|4951543||Increased torque bridge for guitars||1990-08-28||Cipriani||84/298|
|4539887||String instrument of guitar type||1985-09-10||Bjerkas||843/14R|
|4501185||Transducer for stringer musical instrument||1985-02-26||Blucher||84/11.5|
|RE31722||Stringed musical instruments||1984-11-06||Steinberger||84/327|
|4428273||Automatic chorder for stringed instruments||1984-01-31||Favron||84/317|
|4383466||String bridge of electric guitar||1983-05-17||Shibuya||84/313|
|4372187||Novel guitar-like electronic musical instrument||1983-02-08||Berg||84/11.6|
|4188850||Foamed plastic guitar construction||1980-02-19||Kaman||84/291|
|4142436||Method of playing stringed musical instrument||1979-03-06||Chapman||84/11.6|
|3302507||Guitar, and method of manufacturing the same||1967-02-07||Fender||84/267|
This application is a continuation-in-part of U.S. Ser. No. 436,559, filed Nov. 14, 1989.
seven strings, the strings comprising a top A string, a top E string, a B string, a G string, a D string, a low A string, and a low E string;
a vibrato bridge unit, said vibrato bridge unit having saddles upon which said strings each are mounted, said saddles adjustably fastened to said vibrato bridge unit by associated screws, each said saddle set at maximum height on said associated screws;
means for mounting said vibrato bridge unit to said body;
a neck attached to said body, said neck having a scale length of 25 1/2 inches, a nut and 24 frets, said neck having a width of substantially 1 7/8 inches at a nut, a width of substantially 2 18/32 inches at a 22nd fret from said nut and a width of 2 21/32 inches at a 24th fret from said nut;
shim means disposed adjacent said neck and said body so that said neck is tilted away from said body at an end of said body furthest from said vibrato bridge unit; and
wherein at said nut, an axis of said top A string is substantially 1 20/32 inch from an axis of said low E string and at said 24th fret from said nut, an axis of said top A string is substantially 2 12/32 inches from an axis of said low E string.
1. Field of the Invention
This invention pertains to the field of electronic musical instruments, and more particularly to electric guitars.
Description of the Prior Art
An electric guitar has been well known in the art for many years. It is a standard and indispensable instrument for rock and jazz musicians. The electric guitar has also been increasingly used in the realm of classical music. However, the conventional electric guitar has a number of shortcomings that make it less than adequate in the performance of classical music.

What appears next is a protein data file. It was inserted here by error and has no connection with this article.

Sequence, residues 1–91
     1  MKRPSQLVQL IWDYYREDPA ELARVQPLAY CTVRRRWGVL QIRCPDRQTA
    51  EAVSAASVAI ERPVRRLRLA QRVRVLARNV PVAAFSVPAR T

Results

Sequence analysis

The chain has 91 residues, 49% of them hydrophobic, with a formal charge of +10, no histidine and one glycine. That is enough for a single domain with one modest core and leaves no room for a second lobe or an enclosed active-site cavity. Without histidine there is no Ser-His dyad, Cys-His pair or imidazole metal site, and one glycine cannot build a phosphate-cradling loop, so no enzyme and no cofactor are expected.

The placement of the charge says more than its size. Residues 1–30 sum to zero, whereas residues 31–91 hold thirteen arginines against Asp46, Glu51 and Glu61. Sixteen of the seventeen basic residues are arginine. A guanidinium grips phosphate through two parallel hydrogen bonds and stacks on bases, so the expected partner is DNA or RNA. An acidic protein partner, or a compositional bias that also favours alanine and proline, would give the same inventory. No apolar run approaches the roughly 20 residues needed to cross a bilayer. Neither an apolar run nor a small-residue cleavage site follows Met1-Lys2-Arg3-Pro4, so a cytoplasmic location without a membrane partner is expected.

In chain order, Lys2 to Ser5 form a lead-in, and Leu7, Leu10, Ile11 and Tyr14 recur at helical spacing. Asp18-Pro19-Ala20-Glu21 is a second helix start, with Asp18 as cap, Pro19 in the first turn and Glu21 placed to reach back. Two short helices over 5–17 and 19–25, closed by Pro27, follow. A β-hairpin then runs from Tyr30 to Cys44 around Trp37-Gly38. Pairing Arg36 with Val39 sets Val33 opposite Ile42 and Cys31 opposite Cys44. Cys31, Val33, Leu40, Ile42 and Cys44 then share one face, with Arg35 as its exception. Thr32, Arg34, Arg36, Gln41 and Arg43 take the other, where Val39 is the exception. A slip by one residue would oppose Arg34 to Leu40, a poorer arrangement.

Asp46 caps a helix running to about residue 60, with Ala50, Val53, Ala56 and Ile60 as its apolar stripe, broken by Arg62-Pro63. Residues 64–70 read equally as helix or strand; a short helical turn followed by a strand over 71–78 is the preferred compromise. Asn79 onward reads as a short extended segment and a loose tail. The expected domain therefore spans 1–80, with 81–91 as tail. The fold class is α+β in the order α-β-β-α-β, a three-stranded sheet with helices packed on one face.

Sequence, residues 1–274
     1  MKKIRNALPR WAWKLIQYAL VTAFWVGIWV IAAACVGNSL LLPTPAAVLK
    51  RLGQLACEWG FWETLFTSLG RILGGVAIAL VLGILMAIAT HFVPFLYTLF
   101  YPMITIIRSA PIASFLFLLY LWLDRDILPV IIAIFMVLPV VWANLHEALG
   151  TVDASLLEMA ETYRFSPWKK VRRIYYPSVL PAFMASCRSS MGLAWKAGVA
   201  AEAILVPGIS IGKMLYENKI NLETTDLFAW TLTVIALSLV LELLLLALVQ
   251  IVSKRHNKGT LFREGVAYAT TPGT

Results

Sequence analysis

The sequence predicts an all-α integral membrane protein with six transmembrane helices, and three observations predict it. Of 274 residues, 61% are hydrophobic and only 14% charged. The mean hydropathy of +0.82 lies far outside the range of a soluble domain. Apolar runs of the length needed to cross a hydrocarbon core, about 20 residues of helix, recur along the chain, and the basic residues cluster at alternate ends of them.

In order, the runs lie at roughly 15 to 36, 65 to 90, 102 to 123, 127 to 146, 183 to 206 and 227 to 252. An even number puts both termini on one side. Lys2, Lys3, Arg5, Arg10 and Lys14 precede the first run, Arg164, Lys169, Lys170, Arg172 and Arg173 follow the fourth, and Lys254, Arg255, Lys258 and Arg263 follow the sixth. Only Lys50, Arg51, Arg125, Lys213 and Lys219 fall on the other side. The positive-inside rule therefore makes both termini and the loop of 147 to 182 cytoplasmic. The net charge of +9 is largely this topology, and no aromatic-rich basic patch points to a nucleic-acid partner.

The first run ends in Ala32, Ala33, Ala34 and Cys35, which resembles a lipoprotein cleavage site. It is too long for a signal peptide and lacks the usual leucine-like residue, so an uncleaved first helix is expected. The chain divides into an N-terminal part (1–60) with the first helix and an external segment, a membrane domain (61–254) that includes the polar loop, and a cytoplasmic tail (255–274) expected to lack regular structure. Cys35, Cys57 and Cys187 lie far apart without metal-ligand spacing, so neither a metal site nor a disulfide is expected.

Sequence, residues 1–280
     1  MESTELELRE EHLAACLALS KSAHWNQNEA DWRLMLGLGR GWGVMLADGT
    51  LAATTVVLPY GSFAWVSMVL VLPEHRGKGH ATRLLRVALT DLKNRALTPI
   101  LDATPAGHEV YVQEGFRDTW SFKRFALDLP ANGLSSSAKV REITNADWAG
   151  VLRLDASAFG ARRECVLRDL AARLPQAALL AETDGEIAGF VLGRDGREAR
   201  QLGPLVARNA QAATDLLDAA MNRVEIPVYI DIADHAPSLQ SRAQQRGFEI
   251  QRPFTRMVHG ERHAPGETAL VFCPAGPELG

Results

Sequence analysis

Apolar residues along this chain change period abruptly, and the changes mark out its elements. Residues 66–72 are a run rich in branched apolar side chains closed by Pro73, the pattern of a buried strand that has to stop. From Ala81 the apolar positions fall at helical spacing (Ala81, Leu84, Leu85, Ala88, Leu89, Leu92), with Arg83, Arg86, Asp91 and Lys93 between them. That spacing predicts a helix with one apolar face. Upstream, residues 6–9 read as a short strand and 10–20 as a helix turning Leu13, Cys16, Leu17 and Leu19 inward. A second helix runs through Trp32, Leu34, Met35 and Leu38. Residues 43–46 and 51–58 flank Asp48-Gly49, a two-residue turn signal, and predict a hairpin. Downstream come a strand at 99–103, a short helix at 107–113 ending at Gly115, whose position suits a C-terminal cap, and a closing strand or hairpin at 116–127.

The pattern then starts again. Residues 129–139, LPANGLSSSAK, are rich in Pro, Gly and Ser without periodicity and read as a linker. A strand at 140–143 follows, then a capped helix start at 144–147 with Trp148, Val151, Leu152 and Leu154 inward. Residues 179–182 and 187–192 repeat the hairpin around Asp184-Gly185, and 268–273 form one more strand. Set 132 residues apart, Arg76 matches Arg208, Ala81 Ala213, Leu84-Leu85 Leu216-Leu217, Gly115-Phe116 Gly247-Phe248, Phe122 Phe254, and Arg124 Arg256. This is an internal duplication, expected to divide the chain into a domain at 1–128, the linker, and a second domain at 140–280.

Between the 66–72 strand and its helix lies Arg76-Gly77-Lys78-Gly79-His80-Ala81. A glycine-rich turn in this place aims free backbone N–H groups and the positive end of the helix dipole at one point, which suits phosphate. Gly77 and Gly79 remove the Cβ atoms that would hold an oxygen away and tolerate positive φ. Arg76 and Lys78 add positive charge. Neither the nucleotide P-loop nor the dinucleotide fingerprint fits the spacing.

One problem is the limited range of notes that can feasibly be played on the guitar. Prior art guitars do not have the range of, for example, a violin which is needed to perform many classical pieces. Guitar makers have attempted to extend the range of a guitar in a variety of ways. One attempt involved making a guitar with added frets on the neck of the guitar in order to reach higher notes. Another was the addition of a seventh string to the standard six-string guitar. These normally involved the addition of a lower B string so that the guitar could be used to play jazz music. Prior art attempts to add a "top A" were not workable because this added string was so thin and fragile that it broke very easily. These previous 7-string guitars were also made hollow so as to produce a "clean" sound. These earlier examples of 7-string guitars were not made with a vibrato because, being made for jazz, they had no need for a "rock tool", which the vibrato is.
A second problem was that the higher notes would be played with very little "sustain" in its sound. This was so whether the string was played very high up on a fret or, in the case of a seventh string, the string was so thin, and had so little mass that the sound became lifeless. A sustained sound is important if the guitar is to be able to play many of the classical pieces that are now played by violins. Of course, the violin has no such problem because it has a bow which, when slid against a string, provides an excellent sustained sound.
This inventor has previously attempted to devise a workable seven string guitar. The previous attempt proved to be unworkable. The following table compares the inventor's previous attempt and the present invention:
|Previous Seven String Guitar Present Seven String Guitar|
1. Reverse headstock
1. Non-reverse headstock
2. Standard non-staggered
2. Staggered headmachines
3. No shim between neck and
3. Shim between neck and
4. 25 inch scale length
4. 251/2 inch scale length
5. Standard tapering Stratocaster
5. Pronounced tapering of neck